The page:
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Stables, Vogrie House

A Category B Listed Building in Borthwick, Midlothian

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Latitude: 55.8592 / 55°51'33"N

Longitude: -2.9891 / 2°59'20"W

OS Eastings: 338185

OS Northings: 663333

OS Grid: NT381633

Mapcode National: GBR 70KP.NG

Mapcode Global: WH7V7.1ZWM

Plus Code: 9C7VV256+M9

Entry Name: Stables, Vogrie House

Listing Name: Vogrie House, Former Stables

Listing Date: 22 January 1971

Category: B

Source: Historic Scotland

Source ID: 331218

Historic Scotland Designation Reference: LB798

Building Class: Cultural

Location: Borthwick

County: Midlothian

Electoral Ward: Midlothian East

Parish: Borthwick

Traditional County: Midlothian

Tagged with: Stable

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Circa 1825. Single storey and attic, stepped down basement to rear, 5 bay; U plan, with screen wall enclosing courtyard, Gothic stable block with later modifications, now used as a Girl Guide Hostel. Coursed droved sandstone ashlar to SW; coursed squared tooled sandstone rubble with droved dressings to remainder. Base course; chamfered reveals; hood moulds; ashlar coping to wallheads; octagonal angle turrets with decorative finials.

SW (PRINCIPAL) ELEVATION: symmetrical, 5 bay. Screen wall to centre 3 bays; canted out and stepped up to centre; 4 light unglazed, traceried, Tudor arched window to centre, with Tudor arches leading to courtyard in flanking bays; stepped gables between octagonal turrets to outer left and right, with central Tudor arched 2 light traceried windows; modern fire escape doors reached by metal steps to each bay. Courtyard: 3 storey tower to centre of NE range; infilled Tudor arch with glazed timber replacement door to centre; Tudor arched window to attic floor; octagonal tower above with quatrefoil recessed to 3 sides, SW face originally a painted clock, now boarded up; machicolated parapet, with carved finials to angles; regular fenestration to flanking bays; infilled Tudor arch to left; gabled dormers to attic floor; 2 leaf glazed timber door with 4 pane fanlight to right of NW interior elevation; bipartite window to left; gabled dormers to attic. 3 infilled Tudor arches to SE interior elevation, with windows in 1st and 3rd; window to outer left bay; 2 gabled dormers to attic.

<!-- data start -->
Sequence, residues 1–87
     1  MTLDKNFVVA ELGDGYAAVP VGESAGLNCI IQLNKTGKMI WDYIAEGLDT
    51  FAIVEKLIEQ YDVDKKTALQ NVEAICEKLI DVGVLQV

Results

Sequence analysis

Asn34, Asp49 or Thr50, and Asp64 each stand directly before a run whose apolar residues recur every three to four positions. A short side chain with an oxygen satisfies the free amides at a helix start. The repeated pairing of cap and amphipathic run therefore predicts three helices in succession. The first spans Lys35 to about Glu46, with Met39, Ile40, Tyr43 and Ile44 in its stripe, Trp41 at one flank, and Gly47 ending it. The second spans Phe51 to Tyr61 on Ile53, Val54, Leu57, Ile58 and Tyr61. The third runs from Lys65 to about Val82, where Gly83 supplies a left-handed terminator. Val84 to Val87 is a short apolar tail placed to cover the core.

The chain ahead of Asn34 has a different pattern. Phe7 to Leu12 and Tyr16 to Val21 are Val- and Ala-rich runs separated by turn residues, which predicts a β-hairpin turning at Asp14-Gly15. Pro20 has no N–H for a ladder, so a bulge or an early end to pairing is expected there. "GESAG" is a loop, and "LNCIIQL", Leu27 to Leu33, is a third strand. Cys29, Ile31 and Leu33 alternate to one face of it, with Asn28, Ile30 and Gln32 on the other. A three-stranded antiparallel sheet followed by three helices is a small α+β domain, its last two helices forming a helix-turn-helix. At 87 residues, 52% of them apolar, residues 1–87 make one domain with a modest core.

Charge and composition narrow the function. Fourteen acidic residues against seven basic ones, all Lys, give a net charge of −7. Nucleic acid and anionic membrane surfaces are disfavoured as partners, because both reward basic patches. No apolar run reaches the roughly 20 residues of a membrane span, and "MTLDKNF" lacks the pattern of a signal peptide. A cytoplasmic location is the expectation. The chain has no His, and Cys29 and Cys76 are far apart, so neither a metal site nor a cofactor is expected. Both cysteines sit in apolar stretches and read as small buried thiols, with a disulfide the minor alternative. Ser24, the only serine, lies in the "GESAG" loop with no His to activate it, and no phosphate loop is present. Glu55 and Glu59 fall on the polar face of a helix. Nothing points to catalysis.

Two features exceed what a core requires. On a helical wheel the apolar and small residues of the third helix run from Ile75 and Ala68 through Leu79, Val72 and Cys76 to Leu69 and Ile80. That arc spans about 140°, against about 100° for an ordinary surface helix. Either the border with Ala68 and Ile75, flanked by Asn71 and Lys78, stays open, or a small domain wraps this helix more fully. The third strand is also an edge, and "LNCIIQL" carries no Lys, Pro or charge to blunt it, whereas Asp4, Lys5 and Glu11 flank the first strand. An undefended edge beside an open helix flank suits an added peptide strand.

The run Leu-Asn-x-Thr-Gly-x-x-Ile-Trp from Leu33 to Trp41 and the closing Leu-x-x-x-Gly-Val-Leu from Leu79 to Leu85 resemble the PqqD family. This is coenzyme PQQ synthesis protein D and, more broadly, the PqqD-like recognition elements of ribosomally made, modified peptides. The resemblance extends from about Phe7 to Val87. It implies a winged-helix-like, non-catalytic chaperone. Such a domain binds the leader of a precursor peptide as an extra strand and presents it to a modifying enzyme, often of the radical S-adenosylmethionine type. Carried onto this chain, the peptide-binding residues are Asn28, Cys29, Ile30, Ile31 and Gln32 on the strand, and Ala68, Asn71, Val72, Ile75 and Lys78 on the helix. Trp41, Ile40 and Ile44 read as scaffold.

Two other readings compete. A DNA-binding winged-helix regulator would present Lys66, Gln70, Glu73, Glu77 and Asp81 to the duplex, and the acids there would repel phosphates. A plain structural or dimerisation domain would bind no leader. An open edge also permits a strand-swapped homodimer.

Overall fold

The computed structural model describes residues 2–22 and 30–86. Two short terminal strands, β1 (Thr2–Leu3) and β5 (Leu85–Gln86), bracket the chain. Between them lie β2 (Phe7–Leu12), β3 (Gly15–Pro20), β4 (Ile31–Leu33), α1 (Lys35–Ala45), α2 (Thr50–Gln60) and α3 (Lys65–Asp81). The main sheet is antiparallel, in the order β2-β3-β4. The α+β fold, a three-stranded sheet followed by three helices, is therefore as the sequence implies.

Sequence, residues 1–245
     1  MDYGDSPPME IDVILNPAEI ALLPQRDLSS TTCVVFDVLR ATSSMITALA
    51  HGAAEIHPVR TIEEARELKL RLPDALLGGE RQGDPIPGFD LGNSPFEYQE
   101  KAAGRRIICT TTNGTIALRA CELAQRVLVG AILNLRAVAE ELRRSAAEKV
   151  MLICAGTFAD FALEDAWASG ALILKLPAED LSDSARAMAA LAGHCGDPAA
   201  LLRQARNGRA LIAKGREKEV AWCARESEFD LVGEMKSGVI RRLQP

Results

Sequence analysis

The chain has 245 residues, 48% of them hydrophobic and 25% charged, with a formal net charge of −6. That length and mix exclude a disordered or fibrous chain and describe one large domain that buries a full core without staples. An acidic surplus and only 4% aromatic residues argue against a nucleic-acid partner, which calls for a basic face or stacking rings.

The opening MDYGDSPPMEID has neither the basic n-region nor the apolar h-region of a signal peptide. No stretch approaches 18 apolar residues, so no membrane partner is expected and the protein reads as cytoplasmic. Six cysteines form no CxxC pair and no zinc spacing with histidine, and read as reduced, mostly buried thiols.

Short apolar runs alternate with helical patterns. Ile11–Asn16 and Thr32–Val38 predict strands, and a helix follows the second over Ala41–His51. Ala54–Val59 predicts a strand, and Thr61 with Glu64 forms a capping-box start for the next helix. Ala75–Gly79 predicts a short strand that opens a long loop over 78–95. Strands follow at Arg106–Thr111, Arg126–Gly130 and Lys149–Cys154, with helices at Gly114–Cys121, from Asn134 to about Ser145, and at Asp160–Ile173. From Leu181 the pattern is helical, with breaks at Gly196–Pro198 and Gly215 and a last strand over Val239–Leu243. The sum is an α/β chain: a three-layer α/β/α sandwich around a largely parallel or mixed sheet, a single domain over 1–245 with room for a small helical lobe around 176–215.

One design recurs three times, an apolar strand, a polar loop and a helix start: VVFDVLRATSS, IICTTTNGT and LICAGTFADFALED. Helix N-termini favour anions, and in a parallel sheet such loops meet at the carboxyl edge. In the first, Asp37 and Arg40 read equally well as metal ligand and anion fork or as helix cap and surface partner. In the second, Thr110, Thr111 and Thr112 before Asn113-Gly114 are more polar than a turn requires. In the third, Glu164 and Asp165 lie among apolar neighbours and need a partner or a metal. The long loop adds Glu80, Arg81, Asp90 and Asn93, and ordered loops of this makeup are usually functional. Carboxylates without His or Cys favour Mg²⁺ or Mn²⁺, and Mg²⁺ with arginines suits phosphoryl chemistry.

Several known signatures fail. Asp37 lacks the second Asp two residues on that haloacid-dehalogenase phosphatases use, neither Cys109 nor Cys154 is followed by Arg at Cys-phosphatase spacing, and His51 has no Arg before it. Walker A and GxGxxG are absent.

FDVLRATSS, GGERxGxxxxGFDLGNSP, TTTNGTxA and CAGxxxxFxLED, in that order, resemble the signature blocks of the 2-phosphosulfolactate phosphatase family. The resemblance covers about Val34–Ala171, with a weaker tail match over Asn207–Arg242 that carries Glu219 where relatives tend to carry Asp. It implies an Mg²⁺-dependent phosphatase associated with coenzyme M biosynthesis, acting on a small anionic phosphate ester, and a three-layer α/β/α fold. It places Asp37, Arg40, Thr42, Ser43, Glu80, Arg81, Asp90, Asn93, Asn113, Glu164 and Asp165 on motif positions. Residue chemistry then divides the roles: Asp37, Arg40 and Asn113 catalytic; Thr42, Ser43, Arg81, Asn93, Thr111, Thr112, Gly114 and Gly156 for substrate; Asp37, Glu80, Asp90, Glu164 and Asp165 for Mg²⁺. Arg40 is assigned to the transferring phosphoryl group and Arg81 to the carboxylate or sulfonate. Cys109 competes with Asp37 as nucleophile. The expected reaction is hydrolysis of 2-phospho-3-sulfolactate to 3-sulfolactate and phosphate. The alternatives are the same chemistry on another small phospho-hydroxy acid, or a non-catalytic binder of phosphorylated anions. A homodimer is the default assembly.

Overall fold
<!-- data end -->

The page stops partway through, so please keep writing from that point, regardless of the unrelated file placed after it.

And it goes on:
SE ELEVATION: asymmetrical, 4 bay; stepped gabled bay advanced to penultimate bay to left; 2 windows to ground; single window centred to attic; single window to ground of flanking bay to left; window to ground of flanking bay to right; 2 windows to attic; turret to angle with outer right, without finial; single window in bay to outer right.

NE ELEVATION: asymmetrical; random rubble with droved dressings; irregular fenestration to ground; 2 boarded timber doors to right of basement, with small rectangular opening to left.

NW ELEVATION: asymmetrical, 4 bay; 2 windows in bay to outer left; central door to basement below; regular fenestration to remaining bays; bipartite window breaking eaves in penultimate bay to left.

Predominantly small pane timber sash and case windows, many replacement. Graded grey slate roof with later skylight windows and lead ridges. Cast iron rainwater goods. Coped gablehead stack to right of SW elevation; 4 later ridge ventilators.

INTERIOR: not seen 1997.

Statement of Interest

James Dewar was responsible the building of this lively stable block, and also for the layout of the country park in the early 19th century. Sadly he died before he had chance to build a new house to accompany them. Alexander Cumming Dewar (the second son of James Dewar, the first having died, childless, without altering Vogrie) took on this task later in the century (see separate listing). As it says in the New Statistical Account "the stables . .afford a specimen of the taste and splendour with which the entire design would have been executed". Certain elements of the stable block suggest Indian influence (in addition to the obvious Gothic influence), for example the Tudor arches and the brackets supporting the parapet of the tower. Although there is no evidence to suggest that James Dewar, who was responsible for the building of the stable block, spent any time in India it is certain that both his sons had spent considerable time there, so this may have affected the design. The architect (or architects) of the stables are not known at present. However, C McWilliam suggests that R and R Dickson could have been responsible.

External Links

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